Garry Kasparov is known not just for his feats on the chess board — he became the youngest world chess champion ever in 1985 at age twenty-two, holding the title until  2000 — but for opposing Vladmir Putin's tyranny and before Putin, that of the Soviets. A citizen of the United States now — it would be dangerous for him to remain in Russia — he has a wealth of experience in supporting democracy against its enemies.

It should be said that Kasparov's politics veer to the right; he has supported John McCain's run for presidency, for example. But politics are transmuted in the age of Trump, and if you care about preserving democratic values, Kasparov is a wizened ally.

Friday, February 10, 2017

Two Rasputins

Steve Bannon has been called Trump's Rasputin, and it is scary to think about the alt-right ideologue influencing the world view of the commander-in-chief. But if Bannon is Trump's Rasputin, exerting his malign influence on our chief of state, Bannon is subject to a Rasputin, too — Italian thinker Julius Evola (1898-1974).

It's not rhetorical overkill to call Evola a fascist; he identified as such and was comrade in arms of Mussolini, until he found fascism too mild for him:

Evola eventually broke with Mussolini and the Italian Fascists because he considered them overly tame and corrupted by compromise. Instead he preferred the Nazi SS officers, seeing in them something closer to a mythic ideal. They also shared his anti-Semitism.

Evola is two degrees of intellectual separation —  a mere two Rasputins — away from the mind of Donald Trump, which was bad enough without intervention by any mind parasites at all.

Thursday, February 9, 2017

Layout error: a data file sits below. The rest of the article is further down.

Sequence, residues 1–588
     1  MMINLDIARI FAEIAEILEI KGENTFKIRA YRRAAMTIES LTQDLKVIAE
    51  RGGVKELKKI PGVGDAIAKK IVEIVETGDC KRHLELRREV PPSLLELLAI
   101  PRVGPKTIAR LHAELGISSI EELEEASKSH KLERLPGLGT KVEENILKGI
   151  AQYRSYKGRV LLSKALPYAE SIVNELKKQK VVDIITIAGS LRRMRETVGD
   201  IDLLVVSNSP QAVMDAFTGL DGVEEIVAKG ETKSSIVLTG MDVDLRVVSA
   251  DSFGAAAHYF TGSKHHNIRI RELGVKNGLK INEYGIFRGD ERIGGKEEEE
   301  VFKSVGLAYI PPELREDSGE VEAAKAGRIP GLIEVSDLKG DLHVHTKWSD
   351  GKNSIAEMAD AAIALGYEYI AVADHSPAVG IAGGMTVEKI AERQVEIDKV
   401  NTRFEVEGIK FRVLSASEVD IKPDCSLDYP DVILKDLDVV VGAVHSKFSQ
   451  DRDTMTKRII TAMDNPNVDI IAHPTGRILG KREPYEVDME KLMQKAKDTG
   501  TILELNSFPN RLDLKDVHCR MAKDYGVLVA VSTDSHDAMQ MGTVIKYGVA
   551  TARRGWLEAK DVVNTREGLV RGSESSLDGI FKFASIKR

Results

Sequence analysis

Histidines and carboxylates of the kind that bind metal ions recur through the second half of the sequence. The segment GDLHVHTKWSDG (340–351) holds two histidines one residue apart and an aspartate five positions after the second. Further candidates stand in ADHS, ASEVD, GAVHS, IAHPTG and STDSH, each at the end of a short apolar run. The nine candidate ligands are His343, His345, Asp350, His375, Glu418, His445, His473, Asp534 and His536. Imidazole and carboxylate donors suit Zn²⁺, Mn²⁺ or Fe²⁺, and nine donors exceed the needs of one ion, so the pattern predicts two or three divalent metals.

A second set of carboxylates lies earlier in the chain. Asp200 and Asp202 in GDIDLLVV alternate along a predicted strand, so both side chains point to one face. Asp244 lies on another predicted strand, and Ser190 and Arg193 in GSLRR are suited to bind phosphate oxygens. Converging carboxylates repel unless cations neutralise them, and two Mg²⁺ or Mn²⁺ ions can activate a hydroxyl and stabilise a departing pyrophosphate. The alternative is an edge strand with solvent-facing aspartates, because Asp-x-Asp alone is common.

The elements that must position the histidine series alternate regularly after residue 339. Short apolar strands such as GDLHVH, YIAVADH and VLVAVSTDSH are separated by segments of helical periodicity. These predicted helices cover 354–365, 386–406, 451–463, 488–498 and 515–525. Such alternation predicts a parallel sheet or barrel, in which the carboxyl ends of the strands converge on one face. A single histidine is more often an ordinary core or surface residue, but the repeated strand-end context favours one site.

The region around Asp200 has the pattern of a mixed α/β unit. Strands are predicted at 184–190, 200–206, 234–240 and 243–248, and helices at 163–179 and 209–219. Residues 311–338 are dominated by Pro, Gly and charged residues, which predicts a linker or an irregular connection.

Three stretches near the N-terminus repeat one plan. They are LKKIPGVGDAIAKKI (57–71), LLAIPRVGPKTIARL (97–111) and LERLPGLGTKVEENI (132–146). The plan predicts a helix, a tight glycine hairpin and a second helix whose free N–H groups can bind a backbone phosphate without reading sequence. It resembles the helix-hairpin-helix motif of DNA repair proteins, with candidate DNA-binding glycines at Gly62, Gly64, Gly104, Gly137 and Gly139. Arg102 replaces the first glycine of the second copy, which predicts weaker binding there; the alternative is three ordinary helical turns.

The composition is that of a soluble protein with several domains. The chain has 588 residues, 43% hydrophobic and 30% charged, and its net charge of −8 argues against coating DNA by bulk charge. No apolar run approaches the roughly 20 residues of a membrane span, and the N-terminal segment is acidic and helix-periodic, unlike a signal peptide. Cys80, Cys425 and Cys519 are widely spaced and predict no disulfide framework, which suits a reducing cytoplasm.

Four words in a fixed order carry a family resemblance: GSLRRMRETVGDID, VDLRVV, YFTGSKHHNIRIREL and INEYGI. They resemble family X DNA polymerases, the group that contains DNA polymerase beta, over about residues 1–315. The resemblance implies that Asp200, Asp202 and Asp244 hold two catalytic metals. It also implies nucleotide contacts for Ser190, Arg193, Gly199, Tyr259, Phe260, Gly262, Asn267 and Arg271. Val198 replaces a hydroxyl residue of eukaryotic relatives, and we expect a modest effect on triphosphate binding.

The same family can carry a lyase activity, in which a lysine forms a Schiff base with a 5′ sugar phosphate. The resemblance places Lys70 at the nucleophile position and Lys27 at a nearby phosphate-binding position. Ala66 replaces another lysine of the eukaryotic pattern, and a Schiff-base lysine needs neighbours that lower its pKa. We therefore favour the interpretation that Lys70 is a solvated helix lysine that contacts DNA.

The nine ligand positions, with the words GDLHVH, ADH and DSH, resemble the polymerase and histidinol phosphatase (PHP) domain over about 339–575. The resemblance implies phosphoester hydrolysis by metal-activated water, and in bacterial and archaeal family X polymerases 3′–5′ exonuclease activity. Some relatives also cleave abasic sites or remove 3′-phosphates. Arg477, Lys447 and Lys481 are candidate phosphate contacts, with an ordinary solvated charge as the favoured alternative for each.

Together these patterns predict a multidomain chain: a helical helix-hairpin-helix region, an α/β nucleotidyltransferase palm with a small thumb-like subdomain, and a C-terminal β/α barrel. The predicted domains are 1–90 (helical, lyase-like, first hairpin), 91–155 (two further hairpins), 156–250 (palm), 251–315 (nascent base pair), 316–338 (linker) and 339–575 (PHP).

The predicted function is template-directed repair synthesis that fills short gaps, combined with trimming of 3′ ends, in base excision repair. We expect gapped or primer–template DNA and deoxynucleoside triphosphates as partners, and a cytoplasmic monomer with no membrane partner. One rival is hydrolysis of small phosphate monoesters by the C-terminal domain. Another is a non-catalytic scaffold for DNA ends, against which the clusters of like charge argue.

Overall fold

New Resistance

This is a fine piece in the current New York Review of Books — "The New Resistance" by Michael Greenberg.

Greenberg makes the point that to find as massive an outpouring of popular protest as we are seeing in relationship to Trump, you'd have to refer back to the movement against the War in Vietnam. He stresses that the current movement has coalesced rapidly, whereas the anti-war movement took years. He adds that in the current situation, much of those involved in the deep structure of American democratic processes — governors, attorney's general, mayors, police chiefs, cops — have taken a stand quickly, allying themselves with protest.

Wednesday, February 8, 2017

Cult of Ignorance

There is a cult of ignorance in the United States, and there has always been. The strain of anti-intellectualism has been a constant thread winding its way through our political and cultural life, nurtured by the false notion that democracy means that 'my ignorance is just as good as your knowledge.

Isaac Asimov, science and science fiction write , wrote these words in 1980 but they're as good as new.

Let me go on: it's something of a fashion for what's loosely termed the left to indulge — to self-indulge, to preen, to wash itself — in self-blame. Well, sure, nobody's perfect. But there's an element of denial in this, a refusal to face the unpleasant truth that some conflicts really are zero-sum, as the one between ignorance and knowledge.

Where are the pollsters for that distinction?

In any case, ignorance won big-time in November and continues, dangerously for us all, to hold forth.

I want to spit when I hear that we — loosely defined — weren't nice enough to ignorance during the campaign, didn't give it due respect, and therefore we lost. Bullshit. Many factors go into explaining the presidential election — it's over determined, as they say —  but one of these factors, the one so many on the left can't talk about and want to deny, for fear of being politically incorrect, or facing a very nasty truth,  is it was about ignorance v. knowledge, and, this time, not for the first time, it was way too bad for knowledge.

And therefore for us all.